Mr. Sharon's aides make no secret of their disdain for the whole idea of involving the Europeans, Russians and United Nations in monitoring progress on the Palestinian side. They say that they do not want the French to play such a role, since the French are maintaining that Mr. Hussein is disarming.

American officials say that the plan fully reflects Mr. Bush's vision for a Palestinian state as laid out in his speech on the matter last summer and that many strides have been made in recent weeks to select new leadership to replace Mr. Arafat.

Administration officials reject the charge that Mr. Bush has never criticized Israel. They point out that it is long-standing American policy for Israel to show restraint in suppressing Palestinian violence and to ease on curbs on the movements and economic activities of the Palestinians.

They note that Mr. Bush has not hesitated to criticize Mr. Sharon when Israel seemed to be using heavy force to put down Palestinian uprisings — though no such criticism was made in the last week over Israeli actions in Gaza — on the grounds that these actions are simply drawing the Palestinian people to rally all the more around Mr. Arafat. (Why shouldn't Israel use whatever force is necessary? Why does everyone expect Israel to tolerate the killings?)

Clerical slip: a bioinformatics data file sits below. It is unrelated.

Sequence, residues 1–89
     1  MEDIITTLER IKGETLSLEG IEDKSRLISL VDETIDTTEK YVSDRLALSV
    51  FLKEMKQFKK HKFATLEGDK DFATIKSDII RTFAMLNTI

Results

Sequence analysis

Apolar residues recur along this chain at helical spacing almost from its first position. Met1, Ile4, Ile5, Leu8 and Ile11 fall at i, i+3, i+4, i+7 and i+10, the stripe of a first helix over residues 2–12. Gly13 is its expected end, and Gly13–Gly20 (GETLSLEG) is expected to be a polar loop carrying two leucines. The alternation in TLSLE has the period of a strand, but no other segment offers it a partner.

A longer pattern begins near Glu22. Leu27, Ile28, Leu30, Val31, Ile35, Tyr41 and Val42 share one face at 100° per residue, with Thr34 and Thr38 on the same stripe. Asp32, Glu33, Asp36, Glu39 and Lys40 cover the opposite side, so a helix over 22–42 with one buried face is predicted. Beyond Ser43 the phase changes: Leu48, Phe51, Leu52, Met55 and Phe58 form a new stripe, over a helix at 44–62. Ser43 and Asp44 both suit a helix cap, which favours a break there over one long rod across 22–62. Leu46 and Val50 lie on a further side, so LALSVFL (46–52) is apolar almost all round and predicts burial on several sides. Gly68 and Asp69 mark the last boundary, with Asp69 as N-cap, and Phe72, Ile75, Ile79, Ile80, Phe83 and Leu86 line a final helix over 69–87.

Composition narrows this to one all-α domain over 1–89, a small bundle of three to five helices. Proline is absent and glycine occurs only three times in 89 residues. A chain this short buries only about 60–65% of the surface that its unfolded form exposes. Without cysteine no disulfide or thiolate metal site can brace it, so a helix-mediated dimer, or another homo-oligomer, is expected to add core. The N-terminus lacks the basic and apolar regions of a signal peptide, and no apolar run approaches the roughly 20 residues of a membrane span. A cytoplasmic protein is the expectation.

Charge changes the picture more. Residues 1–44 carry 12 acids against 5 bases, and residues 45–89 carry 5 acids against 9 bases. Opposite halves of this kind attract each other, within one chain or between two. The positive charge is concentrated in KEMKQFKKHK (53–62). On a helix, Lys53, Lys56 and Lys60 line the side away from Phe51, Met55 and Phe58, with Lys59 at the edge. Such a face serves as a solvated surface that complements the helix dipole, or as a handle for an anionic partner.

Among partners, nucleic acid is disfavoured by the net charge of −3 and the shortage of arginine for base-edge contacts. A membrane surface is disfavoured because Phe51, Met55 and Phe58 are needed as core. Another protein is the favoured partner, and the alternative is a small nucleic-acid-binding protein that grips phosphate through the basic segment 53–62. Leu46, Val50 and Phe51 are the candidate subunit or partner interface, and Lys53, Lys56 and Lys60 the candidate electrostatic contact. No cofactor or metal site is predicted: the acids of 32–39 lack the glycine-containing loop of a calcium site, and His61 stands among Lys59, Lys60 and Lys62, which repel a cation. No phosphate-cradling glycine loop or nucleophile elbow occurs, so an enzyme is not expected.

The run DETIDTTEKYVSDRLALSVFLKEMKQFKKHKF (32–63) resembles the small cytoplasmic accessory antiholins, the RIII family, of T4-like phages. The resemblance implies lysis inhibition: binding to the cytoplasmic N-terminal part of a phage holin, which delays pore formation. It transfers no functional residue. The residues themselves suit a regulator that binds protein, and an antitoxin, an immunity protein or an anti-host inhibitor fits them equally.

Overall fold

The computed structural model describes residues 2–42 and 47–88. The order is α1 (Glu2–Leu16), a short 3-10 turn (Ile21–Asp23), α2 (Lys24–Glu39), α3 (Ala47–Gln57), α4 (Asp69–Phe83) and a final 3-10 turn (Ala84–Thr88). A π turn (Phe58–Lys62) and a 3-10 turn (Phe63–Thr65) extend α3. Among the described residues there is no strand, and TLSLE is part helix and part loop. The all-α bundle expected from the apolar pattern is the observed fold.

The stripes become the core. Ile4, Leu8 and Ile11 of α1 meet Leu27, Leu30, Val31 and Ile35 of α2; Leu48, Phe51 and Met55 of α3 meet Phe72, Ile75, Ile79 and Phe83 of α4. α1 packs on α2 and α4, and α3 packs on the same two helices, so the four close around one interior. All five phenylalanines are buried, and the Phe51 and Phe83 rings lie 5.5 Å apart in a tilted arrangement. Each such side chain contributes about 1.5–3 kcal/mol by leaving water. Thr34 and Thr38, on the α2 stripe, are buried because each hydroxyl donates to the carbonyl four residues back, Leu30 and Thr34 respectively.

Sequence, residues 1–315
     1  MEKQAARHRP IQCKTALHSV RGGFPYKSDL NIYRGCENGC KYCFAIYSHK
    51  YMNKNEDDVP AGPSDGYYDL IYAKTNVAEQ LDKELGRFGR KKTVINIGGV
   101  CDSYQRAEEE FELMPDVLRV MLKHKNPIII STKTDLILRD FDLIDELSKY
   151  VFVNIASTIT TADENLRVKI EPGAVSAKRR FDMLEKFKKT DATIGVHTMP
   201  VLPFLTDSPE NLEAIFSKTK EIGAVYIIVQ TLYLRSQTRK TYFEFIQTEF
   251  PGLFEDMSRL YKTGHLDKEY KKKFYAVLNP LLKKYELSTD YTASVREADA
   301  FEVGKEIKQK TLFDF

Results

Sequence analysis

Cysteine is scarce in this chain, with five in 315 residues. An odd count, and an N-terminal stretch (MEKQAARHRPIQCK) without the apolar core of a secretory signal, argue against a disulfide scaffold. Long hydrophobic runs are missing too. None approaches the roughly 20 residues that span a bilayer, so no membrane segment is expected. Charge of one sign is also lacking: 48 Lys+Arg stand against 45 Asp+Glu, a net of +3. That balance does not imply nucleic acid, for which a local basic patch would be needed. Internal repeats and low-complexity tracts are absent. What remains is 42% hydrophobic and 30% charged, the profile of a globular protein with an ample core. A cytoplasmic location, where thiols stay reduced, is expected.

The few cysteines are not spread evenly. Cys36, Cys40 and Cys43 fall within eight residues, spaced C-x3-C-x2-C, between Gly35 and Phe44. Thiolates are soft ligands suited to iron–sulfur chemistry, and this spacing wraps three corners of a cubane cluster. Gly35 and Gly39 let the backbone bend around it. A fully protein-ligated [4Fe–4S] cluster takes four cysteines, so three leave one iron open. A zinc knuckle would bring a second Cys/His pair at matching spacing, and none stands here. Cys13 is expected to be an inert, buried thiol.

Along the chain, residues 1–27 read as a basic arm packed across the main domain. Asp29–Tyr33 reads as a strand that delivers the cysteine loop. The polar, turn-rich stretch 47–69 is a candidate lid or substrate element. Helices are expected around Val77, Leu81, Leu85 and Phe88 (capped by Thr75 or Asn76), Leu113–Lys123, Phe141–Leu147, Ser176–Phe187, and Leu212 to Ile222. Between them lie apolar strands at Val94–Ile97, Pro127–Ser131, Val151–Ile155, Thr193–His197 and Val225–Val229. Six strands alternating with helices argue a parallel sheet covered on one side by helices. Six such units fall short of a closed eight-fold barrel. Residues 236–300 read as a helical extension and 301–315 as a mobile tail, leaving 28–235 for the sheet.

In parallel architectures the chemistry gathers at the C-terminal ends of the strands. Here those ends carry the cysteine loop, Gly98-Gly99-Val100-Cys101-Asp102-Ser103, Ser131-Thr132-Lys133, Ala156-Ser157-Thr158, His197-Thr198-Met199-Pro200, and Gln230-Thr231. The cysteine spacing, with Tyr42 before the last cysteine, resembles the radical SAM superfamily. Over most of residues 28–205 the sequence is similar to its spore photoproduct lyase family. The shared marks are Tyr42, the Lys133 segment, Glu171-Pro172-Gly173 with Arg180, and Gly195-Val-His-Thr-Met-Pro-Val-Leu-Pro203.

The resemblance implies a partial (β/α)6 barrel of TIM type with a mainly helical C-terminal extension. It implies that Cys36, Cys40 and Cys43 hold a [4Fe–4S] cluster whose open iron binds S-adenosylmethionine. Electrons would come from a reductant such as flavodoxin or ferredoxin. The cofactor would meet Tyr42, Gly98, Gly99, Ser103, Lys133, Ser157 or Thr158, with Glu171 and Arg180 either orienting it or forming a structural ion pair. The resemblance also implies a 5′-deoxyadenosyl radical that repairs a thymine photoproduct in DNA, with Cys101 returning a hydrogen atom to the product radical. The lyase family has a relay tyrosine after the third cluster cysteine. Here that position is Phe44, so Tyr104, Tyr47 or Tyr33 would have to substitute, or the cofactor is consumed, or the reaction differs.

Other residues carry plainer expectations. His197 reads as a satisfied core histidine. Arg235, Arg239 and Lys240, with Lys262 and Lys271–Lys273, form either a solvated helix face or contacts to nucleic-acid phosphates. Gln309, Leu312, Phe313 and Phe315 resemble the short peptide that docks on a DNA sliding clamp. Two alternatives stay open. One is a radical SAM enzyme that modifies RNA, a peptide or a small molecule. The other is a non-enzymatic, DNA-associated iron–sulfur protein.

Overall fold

When Mr. Bush spoke the other day of an end to Palestinian violence as a necessity before the phased end to settlement activity by Israel, some in Israel saw this as a more pro-Israel position than in the past. But administration aides point out that Mr. Bush said the same thing in his major speech on the subject last June 24. (The road map ignores all the conditions precedent in the June speech, so we are back to first principals.)

Some outside experts who have criticized what they see as the administration's lack of involvement in the Middle East negotiations say they can understand why it makes sense to put off pushing the plan until after Iraq is settled.

Dennis B. Ross, the Middle East peace negotiator in the Clinton administration, said that the recent developments among the Palestinians in selecting new leadership were potentially significant, and that putting the road map idea into a deep freeze until after an Iraq war was a defensible idea. The problem, he said, is that the United States has not leveled with its allies on its intentions."